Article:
For me, it means answering the call to contemplation, the call to silence. If following Jesus means, at least, at some level, imitation, then it means following Jesus by imitating his practice of solitude and silence.
Silence is hard. In silence, we die to ourselves. It is, in fact, difficult to sit for twenty or thirty minutes without speaking, and without mentally speaking to ourselves as we normally do. We die, in that time of silence, to the voice in our heads narrating our plans for the future and ruminating about our past experiences. We die to our narratives of self-justification for our past and our narratives of control over our futures.
But, somehow, in that silence, we become more present to the Presence of God. We become more conscious of our true union with God, the source of everything. We become more mindful of the present moment, the only moment we ever get to live in.
And the effect of the practice of silence, over time, is that we become more alive and more present to the moments we are living. We become more mindful throughout the day.
The practice of silent, centering prayer leads to greater compassion. We develop a greater capacity to see, as Jesus saw, the real people around us and the pain they carry. We become better listeners to the stories of others. We become more conscious of how much we are alike, despite surface differences.
I have not doubt that it was Jesus’ practice of solitude and silence that enabled him to see the world as he saw it and to know how to respond to what he saw. He was at one with the Father and knew himself as God’s son, and was able to see people with compassion.
Instead of being disgusted by disease, as the natural response is, Jesus reached out and touched people in healing ways. Instead of being put off by people who were different – ethnically different like Samaritans or Romans, or different from him by gender, or age, or status, he was able to welcome and engage them in life-giving conversations.
Instead of seeing hopeless tragedy, in the presence of thousands of poor hungry people, he took, bless, broke, and shared what was available, and multitudes went away satisfied by the abundance. There was even left over abundance.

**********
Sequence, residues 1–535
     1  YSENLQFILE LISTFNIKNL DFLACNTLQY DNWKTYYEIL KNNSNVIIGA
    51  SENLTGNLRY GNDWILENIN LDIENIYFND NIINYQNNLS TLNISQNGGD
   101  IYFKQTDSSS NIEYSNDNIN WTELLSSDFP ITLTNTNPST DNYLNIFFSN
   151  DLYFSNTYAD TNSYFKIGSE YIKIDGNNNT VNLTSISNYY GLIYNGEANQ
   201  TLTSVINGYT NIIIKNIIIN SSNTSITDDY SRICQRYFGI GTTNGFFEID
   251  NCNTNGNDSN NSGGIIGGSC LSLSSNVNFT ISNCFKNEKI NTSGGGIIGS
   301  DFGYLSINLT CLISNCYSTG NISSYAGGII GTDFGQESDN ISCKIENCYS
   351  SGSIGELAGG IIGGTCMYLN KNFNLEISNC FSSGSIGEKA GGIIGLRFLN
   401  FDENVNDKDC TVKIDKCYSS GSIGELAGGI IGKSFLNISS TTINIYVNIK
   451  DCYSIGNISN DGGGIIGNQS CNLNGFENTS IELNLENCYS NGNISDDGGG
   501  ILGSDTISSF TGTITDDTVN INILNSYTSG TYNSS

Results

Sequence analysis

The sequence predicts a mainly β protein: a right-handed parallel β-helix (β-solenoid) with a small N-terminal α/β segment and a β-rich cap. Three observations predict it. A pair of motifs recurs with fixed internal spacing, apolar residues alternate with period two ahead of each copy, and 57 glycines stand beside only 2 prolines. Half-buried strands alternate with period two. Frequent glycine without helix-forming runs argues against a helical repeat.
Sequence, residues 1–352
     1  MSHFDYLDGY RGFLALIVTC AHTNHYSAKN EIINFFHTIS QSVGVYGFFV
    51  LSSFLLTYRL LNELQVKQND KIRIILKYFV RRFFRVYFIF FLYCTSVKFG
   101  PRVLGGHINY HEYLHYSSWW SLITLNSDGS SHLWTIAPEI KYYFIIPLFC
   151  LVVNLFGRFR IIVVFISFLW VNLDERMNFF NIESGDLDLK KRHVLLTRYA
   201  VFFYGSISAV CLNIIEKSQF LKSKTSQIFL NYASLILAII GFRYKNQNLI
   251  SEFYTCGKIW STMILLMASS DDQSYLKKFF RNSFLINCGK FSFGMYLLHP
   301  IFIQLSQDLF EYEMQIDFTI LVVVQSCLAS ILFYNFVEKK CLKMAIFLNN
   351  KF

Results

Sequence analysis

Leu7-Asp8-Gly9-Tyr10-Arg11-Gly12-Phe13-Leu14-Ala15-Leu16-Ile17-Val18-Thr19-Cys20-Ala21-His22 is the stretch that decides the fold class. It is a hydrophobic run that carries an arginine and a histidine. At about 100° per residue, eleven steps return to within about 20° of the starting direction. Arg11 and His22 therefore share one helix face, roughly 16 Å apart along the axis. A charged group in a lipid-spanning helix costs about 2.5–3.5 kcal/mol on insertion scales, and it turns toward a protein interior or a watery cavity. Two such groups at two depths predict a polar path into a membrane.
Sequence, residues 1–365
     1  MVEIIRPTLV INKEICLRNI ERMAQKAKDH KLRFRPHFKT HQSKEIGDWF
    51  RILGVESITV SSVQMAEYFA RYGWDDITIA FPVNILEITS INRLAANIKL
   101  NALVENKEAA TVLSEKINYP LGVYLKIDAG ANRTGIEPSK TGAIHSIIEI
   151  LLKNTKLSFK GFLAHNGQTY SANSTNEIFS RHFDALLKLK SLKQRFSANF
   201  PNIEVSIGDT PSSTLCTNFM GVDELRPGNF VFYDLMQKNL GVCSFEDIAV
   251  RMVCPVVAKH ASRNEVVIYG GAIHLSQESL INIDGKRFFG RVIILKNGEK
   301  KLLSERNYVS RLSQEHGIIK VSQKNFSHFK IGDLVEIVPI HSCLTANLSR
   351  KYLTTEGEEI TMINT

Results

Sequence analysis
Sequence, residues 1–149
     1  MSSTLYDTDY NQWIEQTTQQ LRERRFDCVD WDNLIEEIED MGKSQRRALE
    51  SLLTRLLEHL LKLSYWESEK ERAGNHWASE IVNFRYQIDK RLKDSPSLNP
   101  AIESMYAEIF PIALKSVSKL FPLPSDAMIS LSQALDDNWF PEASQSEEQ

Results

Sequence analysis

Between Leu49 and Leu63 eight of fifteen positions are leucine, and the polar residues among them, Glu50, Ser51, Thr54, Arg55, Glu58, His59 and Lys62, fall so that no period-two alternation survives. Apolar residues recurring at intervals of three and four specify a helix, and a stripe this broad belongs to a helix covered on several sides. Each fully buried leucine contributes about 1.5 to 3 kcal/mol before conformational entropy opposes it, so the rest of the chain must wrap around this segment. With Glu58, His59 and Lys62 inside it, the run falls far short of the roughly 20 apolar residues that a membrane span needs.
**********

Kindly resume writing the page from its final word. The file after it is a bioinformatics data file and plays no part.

I believe it was also Jesus’ time in solitude and silence that enabled him to see with God’s eyes the injustice going on at the temple in those days and to take the risk of acting against it. It was Jesus’ seamless sense of connection with God, his Father, that inspired him to say, to the money changers in the temple, “Stop making my Father’s house a marketplace!”
So, both Jesus’ compassion for people in pain, and passion for justice were direct products of his practice of silent union with his Father.
Being The Called
“Follow me” Jesus calls to all of us. Follow me, he calls us, into union with the Father. Follow me to a life of compassionate welcome and healing. Follow me to a risk-taking passion for justice, for advocacy on behalf of the powerless and on behalf of our fragile, hurting planet.
“Follow me” Jesus calls to all of us. Come and see what life can be like. Come and follow the one who knew what it was to live personally with heaven and earth in seamless contact.
And then, Jesus calls us, “follow me” out to places of pain and suffering, people in desperate need of compassion, and accept the challenge ahead.
We always close our Contemporary service by singing a musical setting of “Prayer of Good Courage,” which I think is fitting for us:
O God you have called us,
to ventures where we cannot see the end,
by paths never yet taken,
through perils unknown.
Give us good courage,not knowing where we go,
to know that your hand is leading us
wherever we might go.